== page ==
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A big breakthrough came in 6 March 2007 when a working model was presented to the National Hellenic Research Foundation, Athens by Michael Wright. He was the former Curator of Mechanical Engineering of The London Science Museum and now of Imperial College, London. He used a new technique X-ray tomography with his partner Alan George Trombley. It allowed him to generate cross sectional 2-D radiographic images. He deciphered a previously unaccounted fragment, which was actually a Moon Phase display. This display is a rotating semi silvered ball on the front dial that changes colour according to the waxing or waning Moon Phase. Michael Wright also modified many assumptions of the Mechanism's first major researcher Derek J. de Solla Price owing to newer revelations from technical advances. Price had started research in 1951 and presented his working model in 1974 at Yale University.

'The Antikythera Mechanism Research Project' is jointly carried out today by Cardiff University, National and Kapodistrian University of Athens, Aristotle University of Thessaloniki, National Archaeological Museum of Athens, X-Tek systems of U.K and Hewlitt Packard U.S.A. The project is funded by the Leverhulme Thrust and supported by the Cultural Foundation of the National Bank of Greece. It has revealed 95% of the surviving inscriptions on the mechanism. HP and X-Tek systems brought their equipments to Greece. HP built a 3-D surface-imaging device that surrounds the mechanism under examination. It is known as the 'PTM Dome'. X-Tek Systems developed a 12 ton 450 kV ‘microfocus tomographer’ to reveal the interiors of the Mechanism.  Research is still continuing. The project has confirmed that the mechanism was an orrey or astronomical analogue calculator and that there were initially 37 gears out of which 30 survive. 82 fragments of the mechanism's main body have been found so far.

Advanced technical examination of the Antikythera Mechanism has revealed the extent of astronomical and mechanical engineering knowledge of the ancient civilizations of that time. The construction of such a device was possible only after using data obtained by observing the skies for centuries. Its portability and compactness suggests that it was built for easy handling. There were doorplates attached to the back and front dials. The plates had extensive inscriptions of almost 2000 characters, which was actually an instruction manual. Hence it was built for the use of non-expert users. But it was certainly not for navigation use since the gears would have got corroded within a short time and eclipse predictions are of no use to seamen. The use was perhaps to help in fixing the dates of festivals and cultural events like Olympics, to adjust the solar and lunar calendars and lessen the workload of astronomers.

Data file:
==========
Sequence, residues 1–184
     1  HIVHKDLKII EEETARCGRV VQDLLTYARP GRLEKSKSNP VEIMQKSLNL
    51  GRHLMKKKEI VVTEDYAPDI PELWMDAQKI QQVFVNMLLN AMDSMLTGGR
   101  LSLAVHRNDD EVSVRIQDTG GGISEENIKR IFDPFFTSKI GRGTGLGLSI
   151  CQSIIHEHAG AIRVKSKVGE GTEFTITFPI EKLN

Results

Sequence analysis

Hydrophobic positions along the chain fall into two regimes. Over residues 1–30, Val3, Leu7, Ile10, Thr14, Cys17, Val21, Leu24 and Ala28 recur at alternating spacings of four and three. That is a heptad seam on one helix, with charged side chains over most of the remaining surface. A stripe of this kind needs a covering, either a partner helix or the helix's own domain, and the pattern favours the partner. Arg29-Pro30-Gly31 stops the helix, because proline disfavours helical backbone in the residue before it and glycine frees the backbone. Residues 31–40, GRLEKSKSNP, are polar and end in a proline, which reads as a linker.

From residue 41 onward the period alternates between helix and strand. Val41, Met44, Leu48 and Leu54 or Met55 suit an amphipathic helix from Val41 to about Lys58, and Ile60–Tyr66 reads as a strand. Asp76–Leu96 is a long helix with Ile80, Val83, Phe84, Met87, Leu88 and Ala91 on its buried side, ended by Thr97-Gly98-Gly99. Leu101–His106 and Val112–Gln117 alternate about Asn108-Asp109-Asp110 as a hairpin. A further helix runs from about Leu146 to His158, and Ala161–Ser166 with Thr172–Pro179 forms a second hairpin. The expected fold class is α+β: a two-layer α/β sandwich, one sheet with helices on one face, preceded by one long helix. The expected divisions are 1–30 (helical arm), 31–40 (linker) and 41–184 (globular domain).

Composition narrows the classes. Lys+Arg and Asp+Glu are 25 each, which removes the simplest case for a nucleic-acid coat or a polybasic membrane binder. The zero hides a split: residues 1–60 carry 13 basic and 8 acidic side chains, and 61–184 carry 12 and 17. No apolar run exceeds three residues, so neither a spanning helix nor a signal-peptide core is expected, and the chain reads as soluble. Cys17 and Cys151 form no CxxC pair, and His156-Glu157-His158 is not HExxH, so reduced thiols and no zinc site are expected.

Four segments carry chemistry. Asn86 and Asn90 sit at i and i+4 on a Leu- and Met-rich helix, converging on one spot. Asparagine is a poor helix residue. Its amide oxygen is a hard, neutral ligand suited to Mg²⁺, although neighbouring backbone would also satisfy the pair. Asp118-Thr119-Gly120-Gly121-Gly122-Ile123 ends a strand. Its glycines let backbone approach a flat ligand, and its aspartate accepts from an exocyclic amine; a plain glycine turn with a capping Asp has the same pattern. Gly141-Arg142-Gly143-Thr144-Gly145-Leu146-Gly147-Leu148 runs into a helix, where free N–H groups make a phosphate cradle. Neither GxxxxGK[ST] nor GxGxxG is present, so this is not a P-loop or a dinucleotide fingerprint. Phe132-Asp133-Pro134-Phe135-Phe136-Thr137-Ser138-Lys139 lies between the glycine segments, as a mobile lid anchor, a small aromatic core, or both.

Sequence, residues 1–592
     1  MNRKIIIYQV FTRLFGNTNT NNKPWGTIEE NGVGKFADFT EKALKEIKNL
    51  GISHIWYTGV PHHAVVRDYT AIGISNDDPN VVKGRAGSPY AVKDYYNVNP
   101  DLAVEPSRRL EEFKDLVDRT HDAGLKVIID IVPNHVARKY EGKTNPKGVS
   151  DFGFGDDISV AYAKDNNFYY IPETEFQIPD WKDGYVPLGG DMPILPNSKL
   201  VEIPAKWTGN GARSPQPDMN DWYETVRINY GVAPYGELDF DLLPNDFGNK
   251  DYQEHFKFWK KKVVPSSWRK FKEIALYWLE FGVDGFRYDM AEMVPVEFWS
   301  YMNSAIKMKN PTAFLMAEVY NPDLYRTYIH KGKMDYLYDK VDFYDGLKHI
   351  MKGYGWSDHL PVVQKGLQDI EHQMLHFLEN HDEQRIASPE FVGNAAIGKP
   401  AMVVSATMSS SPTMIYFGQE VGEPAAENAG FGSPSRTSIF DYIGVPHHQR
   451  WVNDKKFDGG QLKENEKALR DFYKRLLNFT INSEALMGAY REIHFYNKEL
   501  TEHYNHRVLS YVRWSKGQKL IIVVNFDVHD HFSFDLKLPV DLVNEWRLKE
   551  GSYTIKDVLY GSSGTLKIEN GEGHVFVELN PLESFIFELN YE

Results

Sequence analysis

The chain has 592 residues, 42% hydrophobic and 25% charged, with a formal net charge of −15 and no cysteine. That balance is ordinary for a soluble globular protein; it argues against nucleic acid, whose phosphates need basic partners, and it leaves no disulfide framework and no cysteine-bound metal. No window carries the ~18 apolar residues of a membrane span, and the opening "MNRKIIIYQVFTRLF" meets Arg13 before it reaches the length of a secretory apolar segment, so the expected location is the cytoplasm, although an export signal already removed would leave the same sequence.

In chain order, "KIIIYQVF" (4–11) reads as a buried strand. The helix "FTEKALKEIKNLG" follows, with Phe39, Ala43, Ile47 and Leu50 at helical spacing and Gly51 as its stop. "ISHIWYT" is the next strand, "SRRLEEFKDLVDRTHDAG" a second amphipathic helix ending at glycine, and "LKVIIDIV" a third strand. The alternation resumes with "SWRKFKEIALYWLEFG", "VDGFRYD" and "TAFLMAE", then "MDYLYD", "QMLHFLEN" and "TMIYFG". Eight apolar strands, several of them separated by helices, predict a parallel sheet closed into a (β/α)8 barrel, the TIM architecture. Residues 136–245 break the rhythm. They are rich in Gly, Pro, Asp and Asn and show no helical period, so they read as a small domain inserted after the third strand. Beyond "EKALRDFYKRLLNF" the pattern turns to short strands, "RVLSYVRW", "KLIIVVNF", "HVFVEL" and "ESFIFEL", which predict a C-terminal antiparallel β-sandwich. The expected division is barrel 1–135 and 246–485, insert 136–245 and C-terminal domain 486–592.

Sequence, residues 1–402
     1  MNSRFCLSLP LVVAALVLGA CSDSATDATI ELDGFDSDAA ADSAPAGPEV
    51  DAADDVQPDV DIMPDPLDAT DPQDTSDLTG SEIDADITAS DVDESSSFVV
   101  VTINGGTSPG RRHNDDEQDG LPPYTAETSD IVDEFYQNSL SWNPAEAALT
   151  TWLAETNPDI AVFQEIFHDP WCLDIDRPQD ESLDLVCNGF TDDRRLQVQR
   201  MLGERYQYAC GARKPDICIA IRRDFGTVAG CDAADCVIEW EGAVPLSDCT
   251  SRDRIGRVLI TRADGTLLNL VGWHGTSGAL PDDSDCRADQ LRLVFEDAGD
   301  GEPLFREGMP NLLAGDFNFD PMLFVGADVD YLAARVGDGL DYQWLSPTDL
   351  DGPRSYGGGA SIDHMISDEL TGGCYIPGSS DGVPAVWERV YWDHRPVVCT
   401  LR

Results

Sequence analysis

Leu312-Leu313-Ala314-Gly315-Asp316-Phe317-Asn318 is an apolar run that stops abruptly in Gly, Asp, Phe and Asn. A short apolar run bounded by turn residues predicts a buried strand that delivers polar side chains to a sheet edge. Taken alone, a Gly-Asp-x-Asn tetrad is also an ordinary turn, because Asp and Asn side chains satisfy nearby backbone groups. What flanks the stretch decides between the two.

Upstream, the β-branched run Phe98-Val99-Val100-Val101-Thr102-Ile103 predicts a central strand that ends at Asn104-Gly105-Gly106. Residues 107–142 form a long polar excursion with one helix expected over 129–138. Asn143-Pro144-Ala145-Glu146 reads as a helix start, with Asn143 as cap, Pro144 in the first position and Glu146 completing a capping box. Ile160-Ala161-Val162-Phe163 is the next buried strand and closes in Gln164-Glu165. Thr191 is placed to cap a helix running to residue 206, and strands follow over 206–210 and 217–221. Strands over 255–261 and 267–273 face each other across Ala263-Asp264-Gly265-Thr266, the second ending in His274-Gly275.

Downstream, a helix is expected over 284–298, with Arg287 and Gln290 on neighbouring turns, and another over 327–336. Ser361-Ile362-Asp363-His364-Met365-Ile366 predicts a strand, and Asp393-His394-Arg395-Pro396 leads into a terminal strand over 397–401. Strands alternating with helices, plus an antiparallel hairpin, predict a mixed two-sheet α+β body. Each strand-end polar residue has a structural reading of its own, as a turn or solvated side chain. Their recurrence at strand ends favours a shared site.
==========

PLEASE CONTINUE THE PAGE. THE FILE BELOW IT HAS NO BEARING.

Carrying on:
In conclusion it can be said that gear mechanisms helped the world reach the Industrial Age in the 19th and 20th centuries. The working of the gear wheels of the Antikythera Mechanism is similar in use and effectiveness to modern gears. So it means that the Greeks had almost all required technology to build a steam engine at that time. Indeed the world would then have been 2000 years more advanced now. But many obstacles like constant warfare, a severe cultural and scientific gap between the few educated elite and the common populace, the tendency to keep many technological things secret must have prevented them. Also the cultural icons like libraries, temples etc of conquered cities were routinely destroyed. The populations of the defeated cities were either massacred or sold off to slavery. Even Archimedes himself died in the seize of Syracuse. The Romans had destroyed each and every brick of cities like Carthage and ploughed its ground with salt to prevent anything growing there. Considering the relative minority of the learned population of that time and the intense effort required to pursue such interests it can be said that any knowledge lost in war or tragedy was almost irreplaceable. It was because communication systems were nascent and printing technology was not there. So it was unlike modern times where all new advances immediately spread all over the world. Then knowledge was more localised and spread in institutions like temples, universities and libraries, which were the first target of attacking armies. Hence devices of a similar nature did not arrive until millennia and half later.

But all the knowledge used to build the device was not lost. The Islamic civilization inherited many of the Greek's knowledge and kept it safe while Europe rapidly slipped into the Dark Ages. Similar complex devices were built by Islamic astrologers like Al-beruni etc in the middle ages. Banu Musa's 'Kitab-al-Hiyal' of the 9th century describes a hundred mechanical devices, which were perhaps ancient Greek knowledge preserved in monasteries. It was until the Renaissance that the Europeans would rediscover this knowledge.

(Author is pursuing engineering studies in a Bhubaneswar based University)